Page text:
The moon is waning. Morning stars are Neptune, Uranus and Venus. Evening stars are Jupiter, Mars, Mercury and Saturn.
Those born on this date are under the sign of Gemini. They include James VI of Scotland, later James I of England, in 1566; French philosopher and mathematician Blaise Pascal in 1623; the Duchess of Windsor, born Bessie Wallis Warfield, in 1896; Moe Howard of the Three Stooges comedy act in 1897; bandleader Guy Lombardo in 1902; baseball Hall of Fame member Lou Gehrig in 1903; former U.S. Sen. Alan Cranston, D-Calif., and musician Lester Flatt, both in 1914; film critic Pauline Kael in 1919; actors Louis Jourdan in 1921 (age 93), Nancy Marchand in 1928 and Gena Rowlands in 1930 (age 84); Myanmar Nobel Peace Prize laureate Aung San Suu Kyi in 1945 (age 69); author Salman Rushdie in 1947 (age 67); actor Phylicia Rashad in 1948 (age 66); musicians Nick Drake in 1948 and Rock and Roll Hall of Fame member Ann Wilson of Heart in 1950 (age 64); actor Kathleen Turner in 1954 (age 60); singer Paula Abdul in 1962 (age 52); political commentator Laura Ingraham in 1964 (age 50); actors Mia Sara in 1967 (age 47), Robin Tunney in 1972 (age 42) and Paul Dano in 1984 (age 30).
On this date in history:
In 325 A.D., the early Christian church opened the general council of Nicaea, which settled on rules for computing the date of Easter.
In 1787, the U.S. Constitutional Convention voted to strike down the Articles of Confederation and form a new government.
In 1846, two amateur baseball teams played under new rules at Hoboken, N.J., planting the first seeds of organized baseball. The New York Nine beat the Knickerbockers, 23-1.
In 1856, the first Republican national convention ended in Philadelphia with the nomination of explorer John Charles Fremont of California for president. (James Buchanan, a Federalist nominated by the Democrats, was elected.)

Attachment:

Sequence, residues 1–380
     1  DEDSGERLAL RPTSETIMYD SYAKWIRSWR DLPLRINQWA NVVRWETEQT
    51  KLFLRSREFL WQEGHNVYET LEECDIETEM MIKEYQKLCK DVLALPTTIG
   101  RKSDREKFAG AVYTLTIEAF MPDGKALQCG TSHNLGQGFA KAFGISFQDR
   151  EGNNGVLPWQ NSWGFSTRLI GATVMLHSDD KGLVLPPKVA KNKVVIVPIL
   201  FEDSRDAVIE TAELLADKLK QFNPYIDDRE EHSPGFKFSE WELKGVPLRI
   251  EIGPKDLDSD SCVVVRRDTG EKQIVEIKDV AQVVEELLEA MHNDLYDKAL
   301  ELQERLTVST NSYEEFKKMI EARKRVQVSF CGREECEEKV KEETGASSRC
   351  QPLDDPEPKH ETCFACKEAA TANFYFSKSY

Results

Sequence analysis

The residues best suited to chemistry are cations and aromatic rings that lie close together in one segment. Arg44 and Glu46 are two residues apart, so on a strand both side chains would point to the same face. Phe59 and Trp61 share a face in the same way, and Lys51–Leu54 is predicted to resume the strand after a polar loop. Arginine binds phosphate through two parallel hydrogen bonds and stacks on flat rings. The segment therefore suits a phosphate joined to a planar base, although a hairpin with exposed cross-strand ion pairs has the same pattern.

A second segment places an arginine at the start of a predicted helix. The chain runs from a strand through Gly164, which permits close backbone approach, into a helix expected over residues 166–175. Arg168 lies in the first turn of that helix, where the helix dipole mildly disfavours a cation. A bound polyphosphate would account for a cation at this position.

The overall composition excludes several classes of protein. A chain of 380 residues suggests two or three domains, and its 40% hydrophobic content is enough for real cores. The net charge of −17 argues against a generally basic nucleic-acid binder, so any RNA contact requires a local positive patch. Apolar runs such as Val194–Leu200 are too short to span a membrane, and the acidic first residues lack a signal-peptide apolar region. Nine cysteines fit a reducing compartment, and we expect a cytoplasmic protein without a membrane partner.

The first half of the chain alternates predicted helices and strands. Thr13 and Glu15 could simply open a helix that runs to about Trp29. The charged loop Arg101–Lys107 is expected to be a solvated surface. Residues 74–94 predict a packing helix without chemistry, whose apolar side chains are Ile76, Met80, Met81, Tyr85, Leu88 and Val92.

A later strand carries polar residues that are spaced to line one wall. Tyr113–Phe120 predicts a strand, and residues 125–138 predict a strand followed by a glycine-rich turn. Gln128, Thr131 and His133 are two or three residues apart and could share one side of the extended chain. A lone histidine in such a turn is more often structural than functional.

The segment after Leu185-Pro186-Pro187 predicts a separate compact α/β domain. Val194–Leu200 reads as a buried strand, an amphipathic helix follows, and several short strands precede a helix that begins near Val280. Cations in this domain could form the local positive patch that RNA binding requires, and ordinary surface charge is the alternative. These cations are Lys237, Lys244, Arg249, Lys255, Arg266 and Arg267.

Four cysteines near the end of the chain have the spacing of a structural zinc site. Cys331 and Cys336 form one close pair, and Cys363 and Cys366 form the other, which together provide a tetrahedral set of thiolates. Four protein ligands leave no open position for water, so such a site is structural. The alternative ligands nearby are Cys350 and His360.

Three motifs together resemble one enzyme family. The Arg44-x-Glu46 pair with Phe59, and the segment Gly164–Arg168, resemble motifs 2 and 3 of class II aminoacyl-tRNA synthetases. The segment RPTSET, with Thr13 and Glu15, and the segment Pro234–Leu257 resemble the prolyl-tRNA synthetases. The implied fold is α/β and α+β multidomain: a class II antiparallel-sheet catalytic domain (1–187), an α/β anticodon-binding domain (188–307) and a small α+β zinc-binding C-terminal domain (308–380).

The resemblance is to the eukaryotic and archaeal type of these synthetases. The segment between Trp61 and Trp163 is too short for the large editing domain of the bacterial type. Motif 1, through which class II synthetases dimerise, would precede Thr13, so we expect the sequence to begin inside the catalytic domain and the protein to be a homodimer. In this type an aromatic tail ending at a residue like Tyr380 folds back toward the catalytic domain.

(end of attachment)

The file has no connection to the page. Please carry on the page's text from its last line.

In 1867, Austrian Archduke Ferdinand Maximilian, installed as emperor of Mexico by French Emperor Napoleon III in 1864, was executed on the orders of Benito Juarez, president of the Mexican Republic.
In 1905, Pittsburgh showman Harry Davis opened the world's first nickelodeon, showing "The Great Train Robbery," a silent Western film. The storefront theater had 96 seats, charged 5 cents and prompted the advent of movie houses across the United States.
In 1910, Spokane, Wash., had the first Father's Day.
In 1943, World War II's Battle of the Philippine Sea began. (Japanese forces tried unsuccessfully to prevent further Allied advancement in the South Pacific.)
In 1953, convicted spies Julius and Ethel Rosenberg were executed.
In 1987, the U.S. Supreme Court struck down a 1981 Louisiana law that required schools to teach the creationist theory of human origin espoused by fundamentalist Christians.
In 2000, the U.S. Supreme Court ruled that prayers led by students at public high school football games aren't permitted under the constitutional separation of church and state.
In 2008, U.S. Sen. Barack Obama, D-Ill., the presumptive Democratic presidential nominee, became the first candidate at that level to bypass public financing since the program was established.
In 2011, a stubborn wildfire in Arizona near the New Mexico border had consumed more than half a million acres of land despite efforts of 4,000 firefighters.
In 2012, temperatures on the final day of spring soared to more than 100 degrees in parts of Arizona, California, Colorado, New Mexico and Texas. Death Valley, Calif., topped the list at 115.
In 2013, James Gandolfini, who starred in the gangster drama "The Sopranos," died of a heart attack in Rome. He was 51.
A thought for the day: "Jealousy is an unjust and stifling thing." -- Zane Grey